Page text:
Joshua M. Kaplan
The information listed below is current as of the date the transcript was finalized.
Abstract of Interview
Joshua M. Kaplan was born in 1960 in Boston, Massachusetts, the youngest of three siblings. His father was an academic physician specializing in hematology, and his mother was a social worker. Raised in a traditionally academic family, Kaplan and his siblings were expected to perform well in school and to pursue higher education. In high school Kaplan began his first research experience working under one of his father's colleagues, studying in vitro red blood cell development. From this point on he was inclined to study science and was interested in laboratory research. Kaplan attended Yale University, where he declared a major in chemistry but would later switch to biochemistry, working in Charles A. Janeway's immunology lab. He also met his wife-to-be, Jennifer S. Haas, there. Kaplan then matriculated into the University of California, San Francisco Medical School, where after his first year of medical training he decided to switch into a doctorate program. Kaplan did his research on cancer-associated src protein with J. Michael Bishop and Harold E. Varmus; he earned his PhD in 1988. He then pursued his research with a postdoctoral fellowship in Dr. H. Robert Horvitz's lab at the Massachusetts Institute of Technology. He had a hard time adjusting to the very different environment at the Massachusetts Institute of Technology, and he credits his time spent there as some of his most difficult yet instructive years. In 1997 Kaplan was appointed assistant professor in the Department of Genetics at Harvard University. In 1997 he left Harvard University and was appointed assistant professor in the Department of Molecular and Cell Biology at the University of California at Berkeley. His current research focuses on mapping signal transduction in the simple nervous system of C. elegans, in an effort to understand the workings of more complex nervous systems. Throughout his oral history Kaplan stresses the difficulty that academic researchers can face when trying to balance family and career, and the importance of putting family first. He has received many awards and honors including the Medical Scientist Training Program, the University of California Chancellor's Fellowship, and a Pew Scholars Program in the Biomedical Sciences grant, which he discusses in the oral history.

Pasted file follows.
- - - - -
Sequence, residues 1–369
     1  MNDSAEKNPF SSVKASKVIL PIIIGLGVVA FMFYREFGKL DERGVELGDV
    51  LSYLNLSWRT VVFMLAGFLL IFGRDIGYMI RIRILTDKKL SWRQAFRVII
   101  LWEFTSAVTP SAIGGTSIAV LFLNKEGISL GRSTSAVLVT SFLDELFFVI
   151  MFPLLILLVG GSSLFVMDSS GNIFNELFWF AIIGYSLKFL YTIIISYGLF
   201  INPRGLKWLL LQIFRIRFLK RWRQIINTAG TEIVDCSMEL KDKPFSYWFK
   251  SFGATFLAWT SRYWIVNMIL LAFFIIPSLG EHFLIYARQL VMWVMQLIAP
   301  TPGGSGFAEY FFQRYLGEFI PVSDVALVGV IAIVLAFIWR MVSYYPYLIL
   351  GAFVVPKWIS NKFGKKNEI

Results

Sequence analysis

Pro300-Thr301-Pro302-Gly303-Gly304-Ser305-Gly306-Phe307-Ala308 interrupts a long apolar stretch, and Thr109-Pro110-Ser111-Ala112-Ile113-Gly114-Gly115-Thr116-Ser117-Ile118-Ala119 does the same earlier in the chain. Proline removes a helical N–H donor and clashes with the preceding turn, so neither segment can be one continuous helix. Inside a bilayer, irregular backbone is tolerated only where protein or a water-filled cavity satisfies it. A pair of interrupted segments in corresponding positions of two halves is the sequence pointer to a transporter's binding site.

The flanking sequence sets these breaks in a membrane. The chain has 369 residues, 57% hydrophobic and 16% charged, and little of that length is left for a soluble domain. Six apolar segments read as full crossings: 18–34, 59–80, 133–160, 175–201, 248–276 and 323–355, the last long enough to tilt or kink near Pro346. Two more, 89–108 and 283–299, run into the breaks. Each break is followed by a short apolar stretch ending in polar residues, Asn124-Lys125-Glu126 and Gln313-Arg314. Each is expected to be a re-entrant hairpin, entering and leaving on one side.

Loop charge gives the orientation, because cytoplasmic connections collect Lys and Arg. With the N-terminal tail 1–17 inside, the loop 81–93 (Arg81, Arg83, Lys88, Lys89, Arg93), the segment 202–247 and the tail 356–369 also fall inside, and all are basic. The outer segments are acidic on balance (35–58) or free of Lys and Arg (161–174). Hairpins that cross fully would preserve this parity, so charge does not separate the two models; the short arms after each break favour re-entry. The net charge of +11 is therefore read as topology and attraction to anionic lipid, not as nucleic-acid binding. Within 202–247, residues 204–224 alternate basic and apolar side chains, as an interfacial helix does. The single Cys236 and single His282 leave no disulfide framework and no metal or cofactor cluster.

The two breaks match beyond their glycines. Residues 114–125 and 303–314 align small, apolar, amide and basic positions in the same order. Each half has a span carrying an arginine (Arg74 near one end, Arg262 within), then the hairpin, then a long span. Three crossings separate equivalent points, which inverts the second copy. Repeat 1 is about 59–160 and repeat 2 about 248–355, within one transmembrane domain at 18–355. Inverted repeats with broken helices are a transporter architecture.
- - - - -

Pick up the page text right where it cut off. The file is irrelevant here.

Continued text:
|1988||University of California, San Francisco||PhD|
Massachusetts Institute of Technology
University of California, Berkeley
|1982 to 1987||
Medical Scientist Training Program
University of California Chancellor's Fellow
|1994 to 1998||
Pew Scholars Program in the Biomedical Sciences Grant
Table of Contents
Family background. Parental expectations. Growing up in St. Louis. Move to Minneapolis. Early scientific interest. Lab experience in high school. Influential figures. Applying to Universities.
Attends Yale University, majoring in biochemistry. Research in Charles A. Janeway's immunology lab Other research experiences. Meets future wife, Jennifer Haas. Wife's career. Deciding on further education.
Enters University of California, San Francisco Medical School, but switches to PhD Program. Research with J. Michael Bishop and Harold Varmus. Struggles with PhD research. Switches to cancer-associated src protein. Choosing a postdoctoral lab.
H. Robert Horvitz's lab at Massachusetts Institute of Technology Research environment differences. Lessons learned. Finding a job.
Assistant Professor of Genetics at Harvard University. Accepts assistant professorship in molecular and cell biology at the University of California, Berkeley. Religion. Science and Religion. Choosing C. elegans. Research on C. elegans nervous system signaling.
Focuses on Serotonin. Applications of research. Funding. Publication. Grant Writing. Receives Pew Scholars Program in the Biomedical Sciences Grant. Lab management. Teaching. Administrative Responsibilities.
Wife and children. Sharing responsibilities. Typical day. Free-time activities. Living in Berkeley. Collaboration and competition in science. Sharing information. Patents. Conflicts of interest between academic and commercial sectors. Technology. Goals. Career options. Racial and gender inequities. Tenure. Current academic job market